Bridging the Gaps: Special Commentary

What can the POINT study tell us? Jane C. Ballantyne


ncreased prescribing of opioids for chronic pain in many developed countries has led to increases in opioid abuse and related deaths.11 In the United States, which has seen the greatest increase in prescribing, opioid abuse has been termed an “epidemic.”12 The alarm bells have made us begin to question the value of chronic opioid treatment in terms its benefits and its harms and question for which patients the harms outweigh the benefits. Many attempts have been made to dredge the literature in search of evidence to support or refute the benefit of long-term opioid pain therapy, but the answer is always the same; evidence is lacking and more research is needed.1,5 Randomized trials do not help because they are not conducted for long enough, and the individuals entering trials tend to be very different from realworld patients.2 Population studies, and there are many now that have singled out opioid-treated chronic pain, are not reassuring.6,8,14 But, population studies can always be criticized because they are unable to show causation; maybe, the outcomes are bad because of the underlying reasons for pain, and not because of the opioid. The Australian Pain and Opioids IN Treatment (POINT) study takes a novel approach; it aims to prospectively examine the demographic and clinical predictors of chronic opioid benefits and harms in a large cohort of opioidtreated patients (1514) identified through pharmacies, consenting to take part in the study and providing self-reports of outcomes over 2 years.3 This edition of PAIN® includes a report of the baseline characteristics of the POINT study cohort.4 Although not very different from other population studies at baseline, the POINT study at completion will provide unique data on predictive factors because of its prospective design and large cohort. The baseline data published here are valuable in themselves because they add to existing population statistics that help us appreciate what the real-life population being prescribed long-term opioids looks like. A remarkable two-thirds of the cohort is unemployed or in receipt of a government benefit, while almost half of the sample has low income that is equivalent to or below the Australian unemployment or disability benefit level. This finding adds to an already large literature suggesting that opioids may impede, and at the very least do not help improve workplace functionality.9,10,15,17,18 In addition, 80% of the cohort has multiple pain conditions, 50% has significant depression, 50% is treated with antidepressants, 50% has had suicidal ideation, over 50% report a history of childhood abuse or neglect, and over 30% has a lifetime alcohol use disorder. This may define the chronic pain The author declares no conflict of interest. Department of Anesthesiology and Pain Medicine, University of Washington School of Medicine, Seattle, WA, USA E-mail address: [email protected] (J. C. Ballantyne). PAIN 156 (2015) 201–202 © 2015 International Association for the Study of Pain

February 2015


Volume 156


Number 2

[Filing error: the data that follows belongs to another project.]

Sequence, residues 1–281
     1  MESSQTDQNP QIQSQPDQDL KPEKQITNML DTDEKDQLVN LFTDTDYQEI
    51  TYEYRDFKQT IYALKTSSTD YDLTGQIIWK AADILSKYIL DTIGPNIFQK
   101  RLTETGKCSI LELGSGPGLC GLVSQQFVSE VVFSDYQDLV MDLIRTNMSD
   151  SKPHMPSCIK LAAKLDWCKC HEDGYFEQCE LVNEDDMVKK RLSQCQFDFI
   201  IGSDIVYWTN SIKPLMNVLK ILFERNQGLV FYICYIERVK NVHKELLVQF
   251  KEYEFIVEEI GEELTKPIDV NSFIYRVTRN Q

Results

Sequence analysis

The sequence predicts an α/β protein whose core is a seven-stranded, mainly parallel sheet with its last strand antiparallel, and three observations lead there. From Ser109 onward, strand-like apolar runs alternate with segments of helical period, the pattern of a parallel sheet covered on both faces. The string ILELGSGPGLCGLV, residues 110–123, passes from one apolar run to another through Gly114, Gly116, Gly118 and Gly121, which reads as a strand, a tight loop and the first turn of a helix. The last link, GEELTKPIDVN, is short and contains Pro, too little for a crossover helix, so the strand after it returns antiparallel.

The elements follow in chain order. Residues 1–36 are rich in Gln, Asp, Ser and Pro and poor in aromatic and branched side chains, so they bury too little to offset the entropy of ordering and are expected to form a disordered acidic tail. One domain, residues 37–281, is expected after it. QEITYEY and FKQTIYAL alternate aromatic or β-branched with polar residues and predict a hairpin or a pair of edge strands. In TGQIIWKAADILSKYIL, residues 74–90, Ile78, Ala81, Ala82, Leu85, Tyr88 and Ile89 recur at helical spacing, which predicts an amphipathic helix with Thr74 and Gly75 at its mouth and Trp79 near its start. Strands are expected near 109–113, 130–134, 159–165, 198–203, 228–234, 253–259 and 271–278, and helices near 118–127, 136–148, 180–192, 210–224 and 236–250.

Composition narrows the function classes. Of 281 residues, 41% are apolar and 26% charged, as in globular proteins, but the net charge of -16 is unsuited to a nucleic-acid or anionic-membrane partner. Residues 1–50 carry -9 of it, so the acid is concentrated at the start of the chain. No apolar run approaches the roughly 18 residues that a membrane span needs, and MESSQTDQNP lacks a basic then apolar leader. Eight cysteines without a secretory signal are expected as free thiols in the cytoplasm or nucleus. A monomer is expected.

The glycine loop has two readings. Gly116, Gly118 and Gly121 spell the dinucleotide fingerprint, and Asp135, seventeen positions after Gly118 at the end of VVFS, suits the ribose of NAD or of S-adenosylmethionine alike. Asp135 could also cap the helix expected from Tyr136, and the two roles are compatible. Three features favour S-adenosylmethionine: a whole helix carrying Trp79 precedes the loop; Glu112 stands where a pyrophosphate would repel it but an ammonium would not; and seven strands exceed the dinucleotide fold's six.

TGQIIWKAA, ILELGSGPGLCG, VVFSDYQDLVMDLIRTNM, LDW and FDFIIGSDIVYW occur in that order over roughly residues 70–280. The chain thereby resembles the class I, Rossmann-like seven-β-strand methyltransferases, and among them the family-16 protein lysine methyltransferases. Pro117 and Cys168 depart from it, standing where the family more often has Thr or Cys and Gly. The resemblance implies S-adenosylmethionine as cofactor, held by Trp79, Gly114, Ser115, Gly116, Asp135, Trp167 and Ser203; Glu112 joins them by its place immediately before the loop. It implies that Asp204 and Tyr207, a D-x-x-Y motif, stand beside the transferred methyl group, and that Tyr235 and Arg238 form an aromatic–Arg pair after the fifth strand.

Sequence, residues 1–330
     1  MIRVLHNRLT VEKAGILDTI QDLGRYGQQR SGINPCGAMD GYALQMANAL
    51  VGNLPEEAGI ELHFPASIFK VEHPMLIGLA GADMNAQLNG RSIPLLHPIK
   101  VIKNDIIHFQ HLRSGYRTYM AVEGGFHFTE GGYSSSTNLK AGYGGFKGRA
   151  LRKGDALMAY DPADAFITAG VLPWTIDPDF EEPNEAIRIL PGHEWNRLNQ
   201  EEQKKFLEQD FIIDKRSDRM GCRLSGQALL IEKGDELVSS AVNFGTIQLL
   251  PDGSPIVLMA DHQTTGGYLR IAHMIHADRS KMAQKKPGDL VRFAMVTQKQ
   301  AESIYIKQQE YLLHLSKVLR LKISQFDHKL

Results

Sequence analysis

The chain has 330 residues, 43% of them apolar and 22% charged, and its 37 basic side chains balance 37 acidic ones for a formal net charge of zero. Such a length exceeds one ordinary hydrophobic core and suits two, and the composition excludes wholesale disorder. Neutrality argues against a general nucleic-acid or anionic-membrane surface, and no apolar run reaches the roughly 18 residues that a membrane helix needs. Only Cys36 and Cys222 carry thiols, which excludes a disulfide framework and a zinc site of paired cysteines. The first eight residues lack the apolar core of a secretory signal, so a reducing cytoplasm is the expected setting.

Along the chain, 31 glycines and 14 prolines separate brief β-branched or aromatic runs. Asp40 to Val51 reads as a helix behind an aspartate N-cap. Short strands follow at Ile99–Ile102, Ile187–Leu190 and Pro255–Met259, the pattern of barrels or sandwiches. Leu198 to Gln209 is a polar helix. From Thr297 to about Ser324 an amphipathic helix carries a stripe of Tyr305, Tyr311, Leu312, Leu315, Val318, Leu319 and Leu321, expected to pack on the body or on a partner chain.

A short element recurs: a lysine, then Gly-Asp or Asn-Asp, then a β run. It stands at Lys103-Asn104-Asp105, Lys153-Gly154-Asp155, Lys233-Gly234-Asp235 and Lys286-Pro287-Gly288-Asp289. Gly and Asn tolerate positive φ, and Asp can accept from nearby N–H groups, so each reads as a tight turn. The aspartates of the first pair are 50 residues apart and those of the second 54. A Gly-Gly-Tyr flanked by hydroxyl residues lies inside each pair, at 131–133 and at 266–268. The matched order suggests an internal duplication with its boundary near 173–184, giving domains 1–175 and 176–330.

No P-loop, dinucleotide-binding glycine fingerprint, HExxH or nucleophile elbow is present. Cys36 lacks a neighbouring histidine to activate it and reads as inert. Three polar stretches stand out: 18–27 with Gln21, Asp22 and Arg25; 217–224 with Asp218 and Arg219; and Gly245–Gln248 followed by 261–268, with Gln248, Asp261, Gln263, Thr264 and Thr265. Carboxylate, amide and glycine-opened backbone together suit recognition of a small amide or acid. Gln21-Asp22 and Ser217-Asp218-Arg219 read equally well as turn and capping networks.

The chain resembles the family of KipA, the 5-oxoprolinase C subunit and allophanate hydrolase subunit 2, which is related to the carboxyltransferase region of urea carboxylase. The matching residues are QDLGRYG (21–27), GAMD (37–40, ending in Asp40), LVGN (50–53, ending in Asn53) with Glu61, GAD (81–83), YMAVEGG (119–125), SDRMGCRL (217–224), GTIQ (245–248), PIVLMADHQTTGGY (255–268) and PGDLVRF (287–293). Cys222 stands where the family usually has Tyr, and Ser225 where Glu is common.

patient population as much as it defines the opioid-treated population, but nevertheless, suggests that the population treated with long-term opioids is a population at high risk of adverse outcome, including abuse and dependence, overdose, and death. Another finding pinpointing high risk is that two-thirds of the patients are taking benzodiazepines in addition to opioid, which we know is a significant risk factor for apnea and death.7,19 The reason that the findings of this and other studies concerning the effect of opioids on employment are important is simply this: chronic opioid therapy has been promoted on the basis that by improving pain, the therapy will improve function and restore people toward normalcy. But, that does not seem to be what is happening.9 Is it time to reexamine what the goals of chronic opioid therapy should actually be, and can the POINT study help in identifying predictors that lead to realistic achievements for opioids as opposed to the idealistic goals that seem to be eluding us? For example, should we be thinking about when opioids help people cope with bad circumstances (both life and medical), accepting that their role is to provide comfort rather than to achieve the miracle of normal function.16 The question that the POINT study cannot answer is what would the study patients be like if they had never started opioids. There is a hint of comparative effects from another population study of Australian patients with chronic pain that finds opioidtreated patients faring worse than those not receiving opioids in terms of health, distress, and function.13 But again, although efforts are made in this and other such studies to match the comparison groups, only a randomized study can reliably exclude the possibility that the patients who accept and stay on opioids are fundamentally different from those who prefer not taking opioids. Therefore, we cannot look to the POINT study to tell us whether opioid treatment was a good choice in principle for the patients who have ended up on the therapy. What it can do though is help identify which baseline characteristics for patients already treated with opioids predict which good outcomes or bad outcomes, and in so doing, help build a construct that might improve our understanding of which outcomes are desirable for which patients, and possibly our understanding of which patients stray so far from reasonable and matched goals that they should be considered not suitable candidates. If we accept what the baseline data have already revealed, that those in the treated population tend to have difficult lives, then what are we aiming for when we treat them with opioids? Maybe not a return to work, or consequent easing of the economic burden of chronic pain, or maybe not even dramatic pain relief. The POINT study is an excellent opportunity to consider this question.